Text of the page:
5 stars Now here's an album that deserves much more recognition than it has received this far! Hopefully the re-release by Esoteric Recordings continues to have some effect. The name of David Sancious is probably more familiar from the early Bruce Springsteen & the E-Street Band line-up, and from the album (or concert) credits of several artists such as Sting, Bryan Ferry and Peter Gabriel. He's primarily a keyboardist but he has played also guitar since his teenage years. While still in Springsteen's band, a record company man who had heard some old demos asked him if he was still writing music of his own. In August 1974 Sancious went solo and took his E-Street bandmate, drummer Ernest Carter, with him. Only the recruiting of bassist Gerald Carboy was needed, and with Billy Cobham as the producer - and adding some Timpani here and there - the trio recorded this excellent debut album.

The instrumental music is lively and versatile Fusion with lots of influences from the (British) progressive rock and classical music. Comparisons can be made towards MAHAVISHNU ORCHESTRA and RETURN TO FOREVER. The nearly 9-minute opener 'Suite Cassandra' (she was David's infatuation and a cousin of Clarence Clemons) is one of the highlights with its sophisticated balancing between melodic tenderness and proggy energy. The second track is tight and funky, and is emphasized on David's electric guitar. Slow-paced 'East India' starts in a very delicate and impressionistic manner and increases Eastern flavour along the way. Very soothing and beautiful composition, which must have sounded too lame in the ears of those who expect fiery Fusion in the Mahavishnu style. I got an association to VANGELIS's China album (1979).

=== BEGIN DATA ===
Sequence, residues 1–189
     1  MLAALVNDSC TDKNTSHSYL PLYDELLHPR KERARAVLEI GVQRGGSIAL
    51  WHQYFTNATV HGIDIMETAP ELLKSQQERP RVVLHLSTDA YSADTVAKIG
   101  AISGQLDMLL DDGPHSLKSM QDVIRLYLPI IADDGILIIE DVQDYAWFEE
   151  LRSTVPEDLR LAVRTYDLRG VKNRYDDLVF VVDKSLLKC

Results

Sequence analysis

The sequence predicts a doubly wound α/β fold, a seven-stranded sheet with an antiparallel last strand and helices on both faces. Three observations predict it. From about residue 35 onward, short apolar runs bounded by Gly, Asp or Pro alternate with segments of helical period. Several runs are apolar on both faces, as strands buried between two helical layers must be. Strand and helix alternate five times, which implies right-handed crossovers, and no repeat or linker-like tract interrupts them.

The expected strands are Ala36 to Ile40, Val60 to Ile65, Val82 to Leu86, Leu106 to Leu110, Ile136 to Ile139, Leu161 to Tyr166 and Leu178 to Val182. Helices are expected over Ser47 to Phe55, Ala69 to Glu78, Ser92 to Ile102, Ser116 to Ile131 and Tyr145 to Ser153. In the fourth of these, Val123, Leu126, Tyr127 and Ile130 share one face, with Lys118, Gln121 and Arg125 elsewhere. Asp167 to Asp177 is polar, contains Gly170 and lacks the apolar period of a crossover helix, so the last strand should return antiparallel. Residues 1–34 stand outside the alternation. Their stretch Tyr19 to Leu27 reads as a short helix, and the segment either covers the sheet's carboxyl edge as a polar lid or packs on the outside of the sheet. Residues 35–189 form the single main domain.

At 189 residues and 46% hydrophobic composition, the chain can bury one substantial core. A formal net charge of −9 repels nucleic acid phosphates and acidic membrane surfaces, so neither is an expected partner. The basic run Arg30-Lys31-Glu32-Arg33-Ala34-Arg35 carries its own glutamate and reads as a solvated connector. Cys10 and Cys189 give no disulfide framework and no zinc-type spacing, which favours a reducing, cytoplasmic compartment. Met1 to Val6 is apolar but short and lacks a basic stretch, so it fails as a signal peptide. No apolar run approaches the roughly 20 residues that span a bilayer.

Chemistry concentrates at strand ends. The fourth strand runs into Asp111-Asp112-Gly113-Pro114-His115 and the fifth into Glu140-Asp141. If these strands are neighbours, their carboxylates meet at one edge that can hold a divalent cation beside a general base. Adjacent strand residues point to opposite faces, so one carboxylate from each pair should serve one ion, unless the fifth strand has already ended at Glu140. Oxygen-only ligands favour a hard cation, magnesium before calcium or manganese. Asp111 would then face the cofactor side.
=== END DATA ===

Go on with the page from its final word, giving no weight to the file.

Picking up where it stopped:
Also 'Dixie', inspired by the civil rights movement in the Southern states, stays in the totally boundary- free area between jazz and rock. I'd like to mention my countrymen PEKKA POHJOLA and JUKKA TOLONEN as equally free-minded Fusion artists. The title track is the second longest (7:49) and guaranteed to please any friend of classically influenced Fusion. Acoustic piano takes the lead role at one point but the track's arrangement is rich. 'Joyce #8' is a brief, romantic composition for solo piano. Fast-tempo 'Crystal Image' is one of the jazziest moments in the album.

Cheerful 'One Time' has lots of funk but also some amazing virtuosity on keyboards. 'Further in the Forest of Feelings' has many time-shifts and has more substance within three minutes than a 7-minute composition might have. Still it doesn't feel too rushed. 'Promise of Light' is another romantic piano piece in the classical style. This album maybe isn't quite an essential masterpiece, but skillful and enjoyable enough for me to round my 4 stars upwards. Especially as it's relatively little known.

Latest members reviews

4 stars I recently found this again, after 30 years. I had it on a cassette and that was stolen from my basement. And by that time I had no money to buy all the good music I liked on those cassettes again. And now I hear it again, it makes me happy, especially March Of The Conditioned Souls. I found a lost ... (read more)

Report this review (#803755) | Posted by Sander | Monday, August 13, 2012 | Review Permanlink